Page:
Shelter programmes: Integrating child protection


Vulnerability for children can increase during and after disasters, when children may be living with new, reduced or altered family units, or alone. Quality shelter can contribute to psychosocial wellbeing and a more stable family and community life.

Standard: All children and their caregivers have appropriate shelter that meets their basic needs, including safety, protection and accessibility. (CPMS, 2019)

Download a printable risk assessment summarising these guidelines


  • Work with child protection actors to identify adequate collective spaces for children, including spaces for education, recreation and child friendly spaces
  • Work with child protection actors to develop referral systems

Keep children safe and avoid causing harm

Understand the context

  • Which child protection issues are affecting children in the community?
  • Be aware of existing land and property tenure arrangements, including statutory/legislative and customary access rights to land

Reduce risks of harm within projects

  • Ensure that the proposed locations for shelter are as free as possible from threats to safety (e.g. from flooding, natural disaster, attacks)
  • Make sure that shelter locations are physically safe for children (e.g. no open water, holes in the ground, busy roads)
  • Ensure that there are safe and accessible routes to children’s services such as schools, child friendly spaces, WASH and healthcare facilities
  • Assess whether access to shelter is causing tension or conflict and consider assistance to host families and host communities
  • Avoid and monitor any exploitative labour, especially child labour on construction sites
  • Ensure those working in shelter have signed up to and been trained in a code of conduct or other policy which covers child safeguarding

Reduce risk of exacerbating existing protection risks 

  • Toilets and bathing facilities should be gender-specific, lockable, well-lit, and within easy walking distance of housing
  • Consider privacy in shelter design, and provide enough bedding and blankets to allow girls and boys to sleep separately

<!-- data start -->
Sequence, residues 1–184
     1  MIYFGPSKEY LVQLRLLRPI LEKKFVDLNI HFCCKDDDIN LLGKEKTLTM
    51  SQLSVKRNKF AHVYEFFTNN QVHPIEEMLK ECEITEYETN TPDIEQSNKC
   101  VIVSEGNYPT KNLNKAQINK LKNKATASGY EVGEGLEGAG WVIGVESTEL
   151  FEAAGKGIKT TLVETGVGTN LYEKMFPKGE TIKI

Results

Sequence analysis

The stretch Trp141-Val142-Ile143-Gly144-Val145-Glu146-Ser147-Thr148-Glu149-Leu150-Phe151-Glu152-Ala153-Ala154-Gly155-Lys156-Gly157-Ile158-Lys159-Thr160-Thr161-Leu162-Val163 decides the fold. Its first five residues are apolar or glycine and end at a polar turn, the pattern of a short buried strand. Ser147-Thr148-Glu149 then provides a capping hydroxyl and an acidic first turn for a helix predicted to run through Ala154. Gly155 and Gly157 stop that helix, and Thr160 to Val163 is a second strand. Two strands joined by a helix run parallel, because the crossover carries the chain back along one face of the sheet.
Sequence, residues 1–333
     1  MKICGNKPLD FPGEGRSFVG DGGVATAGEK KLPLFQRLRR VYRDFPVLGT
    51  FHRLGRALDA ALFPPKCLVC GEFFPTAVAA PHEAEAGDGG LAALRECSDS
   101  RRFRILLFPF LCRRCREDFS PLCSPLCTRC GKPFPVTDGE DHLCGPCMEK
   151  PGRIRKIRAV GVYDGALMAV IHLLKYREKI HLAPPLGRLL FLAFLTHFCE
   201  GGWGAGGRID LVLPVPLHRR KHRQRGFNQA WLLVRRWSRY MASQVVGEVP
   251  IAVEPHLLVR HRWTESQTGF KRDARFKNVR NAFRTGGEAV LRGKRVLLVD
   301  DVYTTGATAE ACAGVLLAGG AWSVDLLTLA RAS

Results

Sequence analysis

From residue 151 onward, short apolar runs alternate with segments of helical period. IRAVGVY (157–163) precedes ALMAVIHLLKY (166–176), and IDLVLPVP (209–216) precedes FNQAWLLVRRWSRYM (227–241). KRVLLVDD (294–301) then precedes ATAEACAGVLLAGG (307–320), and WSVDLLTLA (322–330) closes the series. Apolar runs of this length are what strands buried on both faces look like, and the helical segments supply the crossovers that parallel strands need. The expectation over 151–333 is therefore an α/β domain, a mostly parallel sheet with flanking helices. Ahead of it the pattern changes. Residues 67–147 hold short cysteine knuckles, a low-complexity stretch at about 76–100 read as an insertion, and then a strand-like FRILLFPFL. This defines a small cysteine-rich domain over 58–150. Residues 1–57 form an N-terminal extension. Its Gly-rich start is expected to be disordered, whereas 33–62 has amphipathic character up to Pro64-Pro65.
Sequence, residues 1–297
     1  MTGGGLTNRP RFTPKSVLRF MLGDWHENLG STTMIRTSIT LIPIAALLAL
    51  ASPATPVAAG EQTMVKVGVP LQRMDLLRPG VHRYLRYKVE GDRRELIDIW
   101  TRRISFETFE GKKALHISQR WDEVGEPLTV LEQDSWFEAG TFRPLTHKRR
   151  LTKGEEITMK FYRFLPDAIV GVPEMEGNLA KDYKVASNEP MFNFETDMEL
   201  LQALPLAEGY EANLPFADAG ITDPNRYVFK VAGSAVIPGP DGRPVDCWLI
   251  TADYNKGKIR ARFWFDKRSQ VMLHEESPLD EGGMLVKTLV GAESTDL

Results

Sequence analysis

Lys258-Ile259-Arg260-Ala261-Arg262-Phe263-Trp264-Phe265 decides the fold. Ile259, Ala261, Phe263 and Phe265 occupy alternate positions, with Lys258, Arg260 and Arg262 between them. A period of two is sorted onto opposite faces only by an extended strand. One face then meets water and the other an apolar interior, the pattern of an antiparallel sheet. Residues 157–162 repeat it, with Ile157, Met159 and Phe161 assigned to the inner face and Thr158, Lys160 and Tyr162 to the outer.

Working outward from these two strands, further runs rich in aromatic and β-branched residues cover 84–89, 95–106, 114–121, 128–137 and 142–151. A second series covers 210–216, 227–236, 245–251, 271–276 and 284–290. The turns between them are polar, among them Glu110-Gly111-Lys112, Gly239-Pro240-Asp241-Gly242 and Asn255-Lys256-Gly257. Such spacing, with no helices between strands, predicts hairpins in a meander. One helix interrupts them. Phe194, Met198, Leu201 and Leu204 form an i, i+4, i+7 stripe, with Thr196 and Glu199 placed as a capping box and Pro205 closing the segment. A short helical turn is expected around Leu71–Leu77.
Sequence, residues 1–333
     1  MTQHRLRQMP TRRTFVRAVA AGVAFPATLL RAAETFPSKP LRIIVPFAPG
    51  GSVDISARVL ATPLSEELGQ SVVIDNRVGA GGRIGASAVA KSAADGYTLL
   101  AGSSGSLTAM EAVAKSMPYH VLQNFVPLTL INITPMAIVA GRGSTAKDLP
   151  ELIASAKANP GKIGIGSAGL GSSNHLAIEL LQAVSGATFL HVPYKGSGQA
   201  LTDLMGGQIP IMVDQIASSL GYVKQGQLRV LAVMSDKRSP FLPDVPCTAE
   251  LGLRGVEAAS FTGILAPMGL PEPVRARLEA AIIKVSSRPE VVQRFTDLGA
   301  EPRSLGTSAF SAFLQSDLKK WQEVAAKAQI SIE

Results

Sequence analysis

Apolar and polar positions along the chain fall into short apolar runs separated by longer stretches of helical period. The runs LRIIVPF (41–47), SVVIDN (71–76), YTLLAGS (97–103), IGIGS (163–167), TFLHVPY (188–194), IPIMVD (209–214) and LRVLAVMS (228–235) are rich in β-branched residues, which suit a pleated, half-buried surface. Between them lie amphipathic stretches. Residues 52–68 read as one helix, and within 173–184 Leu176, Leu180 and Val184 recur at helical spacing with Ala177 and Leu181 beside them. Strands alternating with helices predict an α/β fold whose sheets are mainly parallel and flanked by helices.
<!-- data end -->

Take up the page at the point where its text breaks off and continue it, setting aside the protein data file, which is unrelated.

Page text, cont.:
• Take steps to prevent separation of children and families, and minimize risks of abuse, by respecting minimum space standards in shelters and providing adequate space for varying family sizes

Ensure children’s access to assistance 

  • Create safe play zones away from hazardous sites, including garbage dumps, roads and open wells
  • Ensure that there are safe spaces for children to play where family members can watch them from the shelter to avoid children playing in remote locations

Make sure the most at-risk children are accessing services

  • Ensure that the most vulnerable children and families are supported to access shelter and offered support in construction where needed. This may include:
    • child-headed households
    • children/adults with disabilities
    • single-parent families
    • elderly caregivers
  • Group together families, extended families and groups from similar backgrounds, to retain social bonds, so long as grouping people together does not cause stigma or unequal access to services
  • Monitor the living conditions of child-headed households and other vulnerable children

Adapt programming to remove barriers to access

  • If polygamy is practised, it is important to make sure that the adult women in all households are registered for assistance
  • Adapt shelter for children with disabilities e.g. by avoiding steps close to exits and providing handrails for stairways and ramps

Include feedback and participation

  • Involve women, children, youth and children with disabilities in the design and layout of camps and facilities
  • Information on children’s rights to safety and where they can seek support should be displayed in a child-friendly format in public spaces
  • Establish an accessible and confidential complaints and feedback mechanism

Respond effectively and appropriately to incidents of abuse

  • Ensure that there are accessible reporting mechanisms and that staff know how to refer any protection concerns around abuse, violence, exploitation or neglect of children
  • Any suspected cases of child labour, and of separated and vulnerable children, should be referred to the child protection focal point or social services

Strengthen systems and help children to claim their rights

  • Shelter staff should know how and where to refer children and families in need of other services (e.g. health, education, psychosocial support)

Monitor and evaluate

Include the safety of the affected population as a sub-objective of each shelter intervention, making appropriate changes or advocating with authorities for improved safety where risks are identified.

Sample objectives and indicators:

  • % of shelter workers who can demonstrate knowledge of referral mechanisms for unaccompanied and separated children, as well as for child survivors of abuse
  • % of constructed shelters that are an accessible distance from one or more spaces for children’s activities (e.g. school, CFS)

Key references, standards and guidelines

These guidelines are based on:

And additional guidelines and resources listed here

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